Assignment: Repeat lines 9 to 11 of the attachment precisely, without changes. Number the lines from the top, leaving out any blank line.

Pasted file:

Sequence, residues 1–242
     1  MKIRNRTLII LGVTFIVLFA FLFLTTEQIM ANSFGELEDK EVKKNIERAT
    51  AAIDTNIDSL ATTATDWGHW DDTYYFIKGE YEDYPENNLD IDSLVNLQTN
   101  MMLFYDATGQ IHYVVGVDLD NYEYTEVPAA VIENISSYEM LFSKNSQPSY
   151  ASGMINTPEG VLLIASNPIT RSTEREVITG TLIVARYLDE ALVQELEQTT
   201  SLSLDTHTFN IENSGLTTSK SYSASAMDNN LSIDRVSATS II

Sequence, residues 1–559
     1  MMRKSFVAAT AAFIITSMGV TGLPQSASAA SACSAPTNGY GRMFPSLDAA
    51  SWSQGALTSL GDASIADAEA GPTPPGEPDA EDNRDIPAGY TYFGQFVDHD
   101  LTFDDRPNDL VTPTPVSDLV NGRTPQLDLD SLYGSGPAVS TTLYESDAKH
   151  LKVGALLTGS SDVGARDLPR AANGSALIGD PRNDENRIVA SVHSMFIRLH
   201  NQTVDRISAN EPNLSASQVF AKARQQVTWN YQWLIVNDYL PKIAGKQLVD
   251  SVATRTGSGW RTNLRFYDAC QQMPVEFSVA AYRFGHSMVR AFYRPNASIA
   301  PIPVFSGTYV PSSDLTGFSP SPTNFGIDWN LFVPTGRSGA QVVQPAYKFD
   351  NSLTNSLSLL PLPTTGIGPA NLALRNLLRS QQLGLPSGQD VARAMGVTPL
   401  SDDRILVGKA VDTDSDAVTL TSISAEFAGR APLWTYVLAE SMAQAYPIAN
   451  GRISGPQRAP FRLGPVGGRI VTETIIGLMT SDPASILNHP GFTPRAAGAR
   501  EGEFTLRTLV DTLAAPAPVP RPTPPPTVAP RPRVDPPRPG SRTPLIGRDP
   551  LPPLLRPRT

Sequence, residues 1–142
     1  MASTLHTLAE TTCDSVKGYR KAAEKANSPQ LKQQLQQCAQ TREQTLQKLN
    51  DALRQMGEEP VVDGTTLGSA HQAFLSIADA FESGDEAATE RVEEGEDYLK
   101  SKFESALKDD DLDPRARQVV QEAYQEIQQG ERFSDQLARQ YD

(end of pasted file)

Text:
    51  SWSQGALTSL GDASIADAEA GPTPPGEPDA EDNRDIPAGY TYFGQFVDHD
   101  LTFDDRPNDL VTPTPVSDLV NGRTPQLDLD SLYGSGPAVS TTLYESDAKH
   151  LKVGALLTGS SDVGARDLPR AANGSALIGD PRNDENRIVA SVHSMFIRLH